By N. H. Brasher (auth.)
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Extra resources for Arguments in History: Britain in the Nineteenth Century
He was in short a spectator, not a participant, and not of the stuff of which great Prime Ministers are made. Yet this does not indicate that reform would come to a standstill during his ministry. Unable himself to mould circumstances to his will, and for the most part unwilling to do so, he was not totally opposed to reform so long as others with more initiative than he possessed provided the necessary impetus. In 1819, for instance, he had been a supporter of Sir James Mackintosh's motion for an examination and reform of the penal code, at a time when sympathy for that idea was not widespread.
But they did anticipate that the Whig Government, if only to preserve Benthamite political support, would not set its face against proposals for a more scientific approach towards social legislation. In this they were right. The Benthamites believed in detailed investigation of social conditions by commissions of experts as a necessary prelude to legislation; in central control of the agencies of reform, and enforcement of that control by means of inspection. It was difficult, even in nineteenth-century England, to challenge the usefulness of these methods, and they were accepted by the Whig Government; this is clear from the terms of the Factory Act and of the Poor Law Amendment Act.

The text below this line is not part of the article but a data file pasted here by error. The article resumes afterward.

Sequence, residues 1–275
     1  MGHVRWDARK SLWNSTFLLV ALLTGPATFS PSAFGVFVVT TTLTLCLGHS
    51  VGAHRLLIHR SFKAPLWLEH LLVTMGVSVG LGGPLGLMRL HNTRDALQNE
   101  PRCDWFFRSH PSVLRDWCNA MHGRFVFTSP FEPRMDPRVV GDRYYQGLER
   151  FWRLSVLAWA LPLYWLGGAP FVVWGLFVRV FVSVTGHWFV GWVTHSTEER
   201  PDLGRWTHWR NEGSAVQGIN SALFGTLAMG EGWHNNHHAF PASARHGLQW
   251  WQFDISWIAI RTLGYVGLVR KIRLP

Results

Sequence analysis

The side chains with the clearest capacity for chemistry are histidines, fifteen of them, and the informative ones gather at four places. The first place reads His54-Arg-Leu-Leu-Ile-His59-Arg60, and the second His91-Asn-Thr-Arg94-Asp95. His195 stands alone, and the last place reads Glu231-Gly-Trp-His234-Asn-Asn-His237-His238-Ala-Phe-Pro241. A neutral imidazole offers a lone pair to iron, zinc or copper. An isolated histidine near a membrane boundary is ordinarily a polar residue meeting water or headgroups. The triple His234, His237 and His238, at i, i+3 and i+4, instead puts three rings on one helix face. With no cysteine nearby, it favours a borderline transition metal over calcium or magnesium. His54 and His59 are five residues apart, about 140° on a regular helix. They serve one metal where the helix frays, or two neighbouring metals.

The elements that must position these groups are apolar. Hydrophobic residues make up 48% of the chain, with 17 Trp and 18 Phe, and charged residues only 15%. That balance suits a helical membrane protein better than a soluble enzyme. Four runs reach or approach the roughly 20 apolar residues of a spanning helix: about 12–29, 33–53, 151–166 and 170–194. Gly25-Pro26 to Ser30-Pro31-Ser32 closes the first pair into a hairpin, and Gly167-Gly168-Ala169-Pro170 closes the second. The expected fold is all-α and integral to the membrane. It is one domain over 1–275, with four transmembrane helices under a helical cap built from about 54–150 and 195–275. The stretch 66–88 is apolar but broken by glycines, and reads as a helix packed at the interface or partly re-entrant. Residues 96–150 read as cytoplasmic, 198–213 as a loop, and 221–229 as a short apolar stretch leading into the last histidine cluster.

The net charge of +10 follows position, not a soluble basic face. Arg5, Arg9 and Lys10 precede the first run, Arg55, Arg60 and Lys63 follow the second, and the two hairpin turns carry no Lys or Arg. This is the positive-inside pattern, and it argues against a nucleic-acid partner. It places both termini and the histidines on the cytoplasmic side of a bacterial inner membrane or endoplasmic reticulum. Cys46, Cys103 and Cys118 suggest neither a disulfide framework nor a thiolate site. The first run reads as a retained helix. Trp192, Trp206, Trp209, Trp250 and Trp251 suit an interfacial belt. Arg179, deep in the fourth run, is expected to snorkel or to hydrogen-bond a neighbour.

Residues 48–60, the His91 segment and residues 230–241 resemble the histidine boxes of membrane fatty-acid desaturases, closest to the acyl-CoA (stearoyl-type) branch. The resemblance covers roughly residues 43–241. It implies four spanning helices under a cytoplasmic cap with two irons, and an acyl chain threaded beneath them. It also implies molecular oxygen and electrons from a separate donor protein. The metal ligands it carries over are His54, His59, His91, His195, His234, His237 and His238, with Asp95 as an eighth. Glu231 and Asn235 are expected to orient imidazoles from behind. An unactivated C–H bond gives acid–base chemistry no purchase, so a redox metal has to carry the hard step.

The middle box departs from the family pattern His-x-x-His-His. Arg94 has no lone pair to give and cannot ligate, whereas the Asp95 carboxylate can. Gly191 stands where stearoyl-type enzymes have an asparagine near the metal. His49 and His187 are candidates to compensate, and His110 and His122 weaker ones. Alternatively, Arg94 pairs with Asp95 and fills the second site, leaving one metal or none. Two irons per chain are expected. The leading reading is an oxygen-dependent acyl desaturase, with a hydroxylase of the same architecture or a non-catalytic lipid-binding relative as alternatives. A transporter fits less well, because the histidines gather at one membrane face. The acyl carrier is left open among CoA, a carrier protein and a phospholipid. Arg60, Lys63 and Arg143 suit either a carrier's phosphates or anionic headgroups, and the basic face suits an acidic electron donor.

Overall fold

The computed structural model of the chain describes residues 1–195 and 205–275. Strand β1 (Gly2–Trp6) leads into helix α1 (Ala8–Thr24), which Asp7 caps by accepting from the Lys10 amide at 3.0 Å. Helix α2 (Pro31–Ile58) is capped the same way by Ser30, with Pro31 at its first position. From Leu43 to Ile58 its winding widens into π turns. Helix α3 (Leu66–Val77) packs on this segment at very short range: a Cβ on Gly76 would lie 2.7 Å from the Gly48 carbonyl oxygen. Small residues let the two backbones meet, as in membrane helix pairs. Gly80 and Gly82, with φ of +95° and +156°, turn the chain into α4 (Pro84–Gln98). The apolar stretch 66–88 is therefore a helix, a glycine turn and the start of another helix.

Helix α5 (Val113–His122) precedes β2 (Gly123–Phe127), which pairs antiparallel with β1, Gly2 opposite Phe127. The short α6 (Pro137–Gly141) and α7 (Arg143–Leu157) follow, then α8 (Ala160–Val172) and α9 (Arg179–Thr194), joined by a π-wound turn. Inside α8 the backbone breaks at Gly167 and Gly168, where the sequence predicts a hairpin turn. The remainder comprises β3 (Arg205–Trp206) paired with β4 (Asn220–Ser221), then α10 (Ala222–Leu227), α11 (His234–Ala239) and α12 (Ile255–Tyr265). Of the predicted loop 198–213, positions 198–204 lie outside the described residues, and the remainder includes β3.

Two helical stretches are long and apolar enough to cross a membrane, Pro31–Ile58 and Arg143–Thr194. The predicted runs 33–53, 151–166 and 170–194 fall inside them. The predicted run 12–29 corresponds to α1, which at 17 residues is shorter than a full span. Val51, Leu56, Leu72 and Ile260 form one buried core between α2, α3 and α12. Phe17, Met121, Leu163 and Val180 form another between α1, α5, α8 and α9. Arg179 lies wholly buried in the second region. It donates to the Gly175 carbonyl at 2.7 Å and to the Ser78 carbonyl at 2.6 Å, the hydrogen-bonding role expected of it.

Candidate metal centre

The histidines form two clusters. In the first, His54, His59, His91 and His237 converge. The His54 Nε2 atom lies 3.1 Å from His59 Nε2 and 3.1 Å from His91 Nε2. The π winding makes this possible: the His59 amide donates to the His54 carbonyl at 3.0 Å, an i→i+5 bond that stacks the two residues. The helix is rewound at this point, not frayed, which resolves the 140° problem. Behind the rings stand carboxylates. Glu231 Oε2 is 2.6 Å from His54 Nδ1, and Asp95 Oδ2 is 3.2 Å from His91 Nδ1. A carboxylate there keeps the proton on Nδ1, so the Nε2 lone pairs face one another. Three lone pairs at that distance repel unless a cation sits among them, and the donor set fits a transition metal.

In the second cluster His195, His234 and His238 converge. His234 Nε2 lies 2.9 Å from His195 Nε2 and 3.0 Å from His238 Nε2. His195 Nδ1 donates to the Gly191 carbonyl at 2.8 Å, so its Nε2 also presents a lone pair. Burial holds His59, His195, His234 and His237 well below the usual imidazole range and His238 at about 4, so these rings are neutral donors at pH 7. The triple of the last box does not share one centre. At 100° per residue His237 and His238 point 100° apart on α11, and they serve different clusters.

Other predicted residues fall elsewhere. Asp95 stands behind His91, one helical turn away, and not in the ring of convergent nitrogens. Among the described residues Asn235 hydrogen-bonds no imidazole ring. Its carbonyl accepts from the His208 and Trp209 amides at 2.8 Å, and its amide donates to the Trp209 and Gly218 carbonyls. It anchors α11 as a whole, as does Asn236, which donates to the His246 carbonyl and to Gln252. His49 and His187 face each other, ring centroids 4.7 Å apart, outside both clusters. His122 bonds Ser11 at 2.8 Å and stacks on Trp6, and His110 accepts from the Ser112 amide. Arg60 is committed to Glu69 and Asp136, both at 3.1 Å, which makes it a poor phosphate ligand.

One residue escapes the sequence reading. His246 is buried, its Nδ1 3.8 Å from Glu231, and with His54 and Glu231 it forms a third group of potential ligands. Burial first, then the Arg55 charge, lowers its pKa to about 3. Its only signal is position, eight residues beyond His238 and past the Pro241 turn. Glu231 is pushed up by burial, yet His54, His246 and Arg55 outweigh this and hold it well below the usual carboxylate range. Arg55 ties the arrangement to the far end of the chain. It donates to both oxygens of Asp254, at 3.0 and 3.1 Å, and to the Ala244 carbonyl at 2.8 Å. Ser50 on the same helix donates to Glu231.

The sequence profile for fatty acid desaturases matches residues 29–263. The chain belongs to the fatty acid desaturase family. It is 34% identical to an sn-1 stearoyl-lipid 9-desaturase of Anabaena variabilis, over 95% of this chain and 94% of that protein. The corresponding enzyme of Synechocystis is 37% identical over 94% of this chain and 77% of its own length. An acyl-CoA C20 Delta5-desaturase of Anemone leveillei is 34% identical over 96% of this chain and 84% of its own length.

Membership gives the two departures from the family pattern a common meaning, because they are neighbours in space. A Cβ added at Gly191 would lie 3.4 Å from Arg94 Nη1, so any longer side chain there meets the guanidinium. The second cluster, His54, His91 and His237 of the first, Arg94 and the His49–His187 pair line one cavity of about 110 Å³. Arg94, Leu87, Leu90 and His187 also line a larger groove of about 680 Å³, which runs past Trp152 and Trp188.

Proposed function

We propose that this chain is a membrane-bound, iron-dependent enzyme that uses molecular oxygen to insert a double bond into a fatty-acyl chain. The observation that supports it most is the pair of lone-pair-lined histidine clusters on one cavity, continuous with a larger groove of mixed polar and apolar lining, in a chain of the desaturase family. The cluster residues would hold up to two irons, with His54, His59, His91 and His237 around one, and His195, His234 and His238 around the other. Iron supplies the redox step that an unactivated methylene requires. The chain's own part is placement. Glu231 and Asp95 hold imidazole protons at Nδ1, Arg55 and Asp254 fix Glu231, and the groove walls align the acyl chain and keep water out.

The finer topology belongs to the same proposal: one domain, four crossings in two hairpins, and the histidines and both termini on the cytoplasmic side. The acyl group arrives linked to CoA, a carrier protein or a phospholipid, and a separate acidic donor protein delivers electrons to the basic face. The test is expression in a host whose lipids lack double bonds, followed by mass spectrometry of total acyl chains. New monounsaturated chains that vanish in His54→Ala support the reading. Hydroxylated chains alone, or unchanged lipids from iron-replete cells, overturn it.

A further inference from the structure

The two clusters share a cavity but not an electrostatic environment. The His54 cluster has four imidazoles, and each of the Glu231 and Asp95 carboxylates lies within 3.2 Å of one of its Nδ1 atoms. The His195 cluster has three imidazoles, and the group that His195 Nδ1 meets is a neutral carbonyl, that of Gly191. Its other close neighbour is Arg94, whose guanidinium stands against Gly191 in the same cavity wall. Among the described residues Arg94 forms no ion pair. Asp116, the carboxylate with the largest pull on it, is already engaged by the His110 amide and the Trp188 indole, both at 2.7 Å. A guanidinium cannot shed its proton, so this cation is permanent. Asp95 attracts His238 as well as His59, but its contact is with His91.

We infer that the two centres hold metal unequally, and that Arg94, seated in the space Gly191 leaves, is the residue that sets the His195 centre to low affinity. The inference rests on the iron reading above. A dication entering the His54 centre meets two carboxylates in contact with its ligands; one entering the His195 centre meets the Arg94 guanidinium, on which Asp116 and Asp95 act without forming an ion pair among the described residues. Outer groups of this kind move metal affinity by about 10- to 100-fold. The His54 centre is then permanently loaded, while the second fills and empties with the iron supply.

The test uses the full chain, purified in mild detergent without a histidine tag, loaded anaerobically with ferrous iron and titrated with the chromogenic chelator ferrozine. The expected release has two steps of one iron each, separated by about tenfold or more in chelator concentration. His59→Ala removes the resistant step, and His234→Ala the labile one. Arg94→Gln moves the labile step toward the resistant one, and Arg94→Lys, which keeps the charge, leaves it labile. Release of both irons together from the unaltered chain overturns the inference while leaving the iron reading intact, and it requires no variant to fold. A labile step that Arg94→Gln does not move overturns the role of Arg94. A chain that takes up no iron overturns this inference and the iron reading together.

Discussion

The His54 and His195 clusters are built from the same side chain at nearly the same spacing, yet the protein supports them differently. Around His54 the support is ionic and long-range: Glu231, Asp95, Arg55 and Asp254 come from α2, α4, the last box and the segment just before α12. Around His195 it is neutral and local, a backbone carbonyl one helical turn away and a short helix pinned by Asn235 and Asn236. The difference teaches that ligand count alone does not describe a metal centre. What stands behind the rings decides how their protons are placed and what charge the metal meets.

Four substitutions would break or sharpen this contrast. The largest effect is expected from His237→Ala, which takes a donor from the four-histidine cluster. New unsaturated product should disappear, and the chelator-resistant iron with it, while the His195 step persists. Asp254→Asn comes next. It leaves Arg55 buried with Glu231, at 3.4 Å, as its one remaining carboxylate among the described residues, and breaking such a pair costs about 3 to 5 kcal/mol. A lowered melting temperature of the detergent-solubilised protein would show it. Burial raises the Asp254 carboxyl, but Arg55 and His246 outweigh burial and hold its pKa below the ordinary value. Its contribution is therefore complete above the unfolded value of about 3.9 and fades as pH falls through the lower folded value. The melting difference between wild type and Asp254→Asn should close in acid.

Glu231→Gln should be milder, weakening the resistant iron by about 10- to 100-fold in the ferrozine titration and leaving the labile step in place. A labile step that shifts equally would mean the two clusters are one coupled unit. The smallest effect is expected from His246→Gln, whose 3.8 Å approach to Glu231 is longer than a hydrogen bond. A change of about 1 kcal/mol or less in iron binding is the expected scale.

Like Guizot in France, Grey, in dealing with the middle classes, saw the need for a government' to be attentive to the interests and desires of the class of the population which has come attached to it'. 1 Quite apart from his concern to maintain the advantage of the class to which he belonged, Grey's desire to introduce a Reform Bill was undoubtedly stimulated by the widespread disorders of the time not only in England but in Europe generally. The Bill was a product of fear as well as of political opportunism.
Arguments in History: Britain in the Nineteenth Century by N. H. Brasher (auth.)